• la Buca, the entry to the caves where water no longer flows
  • the proper caves where the water still exerts its magical power creating stalagmites and stalactites. This part consists of several 'rooms', each characterized by surreal, fantastic and enchanted features
  • the last part which alone stretches for almost 500 meters, and is for cavers only, hence only accessible to experts

Inside the cave complex there is an archaeologic and paleontological site of international importance: 'The Tecchia of Equi'. This is also a cave that winds for 30 meters into the mountain side: from the finds collected inside it, it has been ascertained that it was a shelter for animals and groups of humans. Substantial quantities of bones have been unearthed, among which those of the cave bear (ursus spelaesus) which we encountered at the entrance of the cave. In addition to finds from the Neanderthal period, objects and artefacts of the Copper and Bronze Age have been found.
After completing the visit to the two caves, you can follow one or more of the geo-nature trails that are around and are not too challenging:

  • the 'Marmitta dei Giganti' also called 'Buca delle Serpi': it is a deep vertical cavity carved by the water up to 4 meters deep. It owes its name to the fact that snakes try to drink its water in the summer, but end up falling in it and remain trapped inside it. You are right, it is not probably a pretty sight but this is a part of nature too!
  • the karst springs: along the bed of the River Fagli there are two karst springs: 'Buca' and 'Barilla'

Both in the cave and Tecchia, you will be guided by knowledgeable experts who will also know how to engage the younger ones. If the information received has aroused your interest, you could also visit the Museum of the Caves where in addition to the star - our friend the giant bear - you will even find a Neanderthal replica.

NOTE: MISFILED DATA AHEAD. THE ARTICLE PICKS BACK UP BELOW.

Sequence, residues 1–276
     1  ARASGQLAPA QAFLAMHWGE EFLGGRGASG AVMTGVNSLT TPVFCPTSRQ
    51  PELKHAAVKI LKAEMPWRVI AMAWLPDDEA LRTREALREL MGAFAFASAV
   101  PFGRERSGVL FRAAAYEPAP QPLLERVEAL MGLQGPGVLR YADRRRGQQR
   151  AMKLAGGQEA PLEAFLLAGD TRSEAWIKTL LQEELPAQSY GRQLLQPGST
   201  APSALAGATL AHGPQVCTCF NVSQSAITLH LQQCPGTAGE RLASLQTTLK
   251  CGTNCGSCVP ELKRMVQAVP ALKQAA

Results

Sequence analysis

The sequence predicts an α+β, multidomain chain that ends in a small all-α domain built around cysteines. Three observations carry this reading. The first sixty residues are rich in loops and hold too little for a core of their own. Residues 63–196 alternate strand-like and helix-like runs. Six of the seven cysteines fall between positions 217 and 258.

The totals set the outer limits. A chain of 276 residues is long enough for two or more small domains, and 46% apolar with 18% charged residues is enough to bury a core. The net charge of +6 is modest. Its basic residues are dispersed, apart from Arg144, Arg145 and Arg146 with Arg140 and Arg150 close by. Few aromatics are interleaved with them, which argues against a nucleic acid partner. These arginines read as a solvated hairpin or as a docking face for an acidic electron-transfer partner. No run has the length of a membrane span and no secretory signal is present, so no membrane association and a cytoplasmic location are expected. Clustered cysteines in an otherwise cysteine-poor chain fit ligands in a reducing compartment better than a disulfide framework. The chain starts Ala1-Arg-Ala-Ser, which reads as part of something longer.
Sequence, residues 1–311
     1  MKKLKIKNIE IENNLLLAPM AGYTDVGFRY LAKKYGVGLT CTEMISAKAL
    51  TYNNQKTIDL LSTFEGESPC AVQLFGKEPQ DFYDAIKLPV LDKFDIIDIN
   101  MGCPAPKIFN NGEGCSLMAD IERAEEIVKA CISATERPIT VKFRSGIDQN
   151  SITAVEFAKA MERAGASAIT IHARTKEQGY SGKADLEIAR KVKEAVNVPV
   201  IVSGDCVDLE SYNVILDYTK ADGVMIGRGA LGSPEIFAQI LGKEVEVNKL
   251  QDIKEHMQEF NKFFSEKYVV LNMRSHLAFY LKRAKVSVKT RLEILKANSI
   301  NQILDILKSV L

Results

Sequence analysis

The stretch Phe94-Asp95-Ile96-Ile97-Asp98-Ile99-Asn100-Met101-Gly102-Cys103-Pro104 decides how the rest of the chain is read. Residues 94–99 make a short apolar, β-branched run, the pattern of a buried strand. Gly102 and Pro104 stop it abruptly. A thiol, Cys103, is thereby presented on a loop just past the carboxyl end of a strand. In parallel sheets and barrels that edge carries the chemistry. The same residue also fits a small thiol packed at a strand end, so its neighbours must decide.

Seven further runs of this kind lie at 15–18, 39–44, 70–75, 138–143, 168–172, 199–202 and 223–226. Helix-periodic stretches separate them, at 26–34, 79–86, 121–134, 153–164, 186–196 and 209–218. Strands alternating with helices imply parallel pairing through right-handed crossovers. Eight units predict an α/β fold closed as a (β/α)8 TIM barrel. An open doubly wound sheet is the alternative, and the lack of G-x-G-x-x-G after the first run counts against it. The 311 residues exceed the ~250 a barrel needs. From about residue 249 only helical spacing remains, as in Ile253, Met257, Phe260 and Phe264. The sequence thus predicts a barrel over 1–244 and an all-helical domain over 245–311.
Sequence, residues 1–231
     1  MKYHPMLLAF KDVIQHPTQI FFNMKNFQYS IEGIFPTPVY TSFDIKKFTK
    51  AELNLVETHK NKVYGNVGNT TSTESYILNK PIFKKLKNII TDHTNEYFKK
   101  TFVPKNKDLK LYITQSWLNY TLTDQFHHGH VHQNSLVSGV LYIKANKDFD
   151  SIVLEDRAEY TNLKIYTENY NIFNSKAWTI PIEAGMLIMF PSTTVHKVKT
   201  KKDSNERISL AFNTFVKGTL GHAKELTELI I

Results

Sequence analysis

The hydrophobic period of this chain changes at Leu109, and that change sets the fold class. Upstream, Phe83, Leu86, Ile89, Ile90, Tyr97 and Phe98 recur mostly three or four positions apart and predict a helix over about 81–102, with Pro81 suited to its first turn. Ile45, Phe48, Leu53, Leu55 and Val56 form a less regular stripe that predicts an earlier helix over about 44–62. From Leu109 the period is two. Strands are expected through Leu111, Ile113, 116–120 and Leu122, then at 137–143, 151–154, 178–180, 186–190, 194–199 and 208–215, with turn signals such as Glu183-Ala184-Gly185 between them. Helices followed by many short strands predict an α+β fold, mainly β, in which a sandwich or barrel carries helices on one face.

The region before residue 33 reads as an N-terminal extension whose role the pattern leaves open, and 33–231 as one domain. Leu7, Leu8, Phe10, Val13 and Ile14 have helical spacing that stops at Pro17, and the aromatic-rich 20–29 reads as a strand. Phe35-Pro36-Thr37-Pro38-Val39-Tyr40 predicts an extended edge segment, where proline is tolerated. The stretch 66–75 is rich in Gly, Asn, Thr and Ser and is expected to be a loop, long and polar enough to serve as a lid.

From the Museum of the Caves, continuing along Via Buca, I also recommend visiting the 'Apuangeolab', an interactive museum where, through special devices, the most important geological phenomena are demonstrated: the origins of the mountains, earthquakes, the creation of the seas. If you have slightly more grown-up children - school-age, to be clear - they can play and have fun pretending to be geologists.

THE LIVING NATIVITY IN EQUI TERME. After the hot springs and caves, I recommend going for a walk through the narrow streets of the village of Equi Terme. You will see stone houses with well-groomed geraniums embellishing their windows and balconies. The S.Francesco Church in Equi, with a spire bell-tower and a gabled stone façade, is located at the highest point of the village. You can reach it after passing under a picturesque vault, continuing along the street until you get to the stairway leading to the churchyard. The interior is simple with a single nave and the typical semblance of a medieval chapel, thanks also to the marble balustrade placed before the altar. A particularly evocative moment for a visit to the town is during the Christmas period (a few days before Christmas until Boxing Day): the streets of the village and the cave of Equi Terme house a Living nativity scene. While we are on this subject, I cannot fail to tell you about the Equi Terme miracle: the apparition of the Madonna del Bosco. It is said that the Virgin appeared in front of two shepherdesses and asked them to build a chapel on the location of the apparition which reportedly took place on June 7th, 1608: on this date, a procession in memory of the event is held in the modest sanctuary located in the woods above the village.

THE SURROUNDING AREA. If you think that after the Terme in Equi, the caves, nature trails, the Equi Terme Geopark and the old village, the area does not have anything else to offer, think again! If you have a few days to spend here you will have the opportunity to discover other interesting sites visiting the other villages in the area. Among the nearest ones, I recommend Monzone, just 3 km away. In addition to the seventeenth century Villa Giannetti, you can also visit the interesting 'Museum of Work of Lucido Valley’ with a display of objects, photographs and films on the activities of the past: the marble and quartzite quarries, the kilns producing bricks and lime, sawmills and hydroelectric power plants. In addition, Vinca village- 9 km away- is the destination for trekkers who walk the trail between Equi and this village. It takes about two hours one way, so it's not exactly a walk for everyone... especially as it is uphill! But if you are fit, it is truly worth it. Gragnola, 6 km away, is another unspoilt village where you will find the Eagle's Castle, an imposing fortified structure which apparently dates right back to the ninth century.

What’s that sad look upon your face: did you think you were coming to Equi Terme in Tuscany just for a quick dip in the pool and you must now review your agenda and plan a longer visit? How could I blame you! Do not forget the food and wine enjoyment: you cannot fail to taste the renowned ‘testaroli’, a cake made with chestnut flour called 'pattona' and another with nuts and aniseed called 'carsenta'. It is really worth it.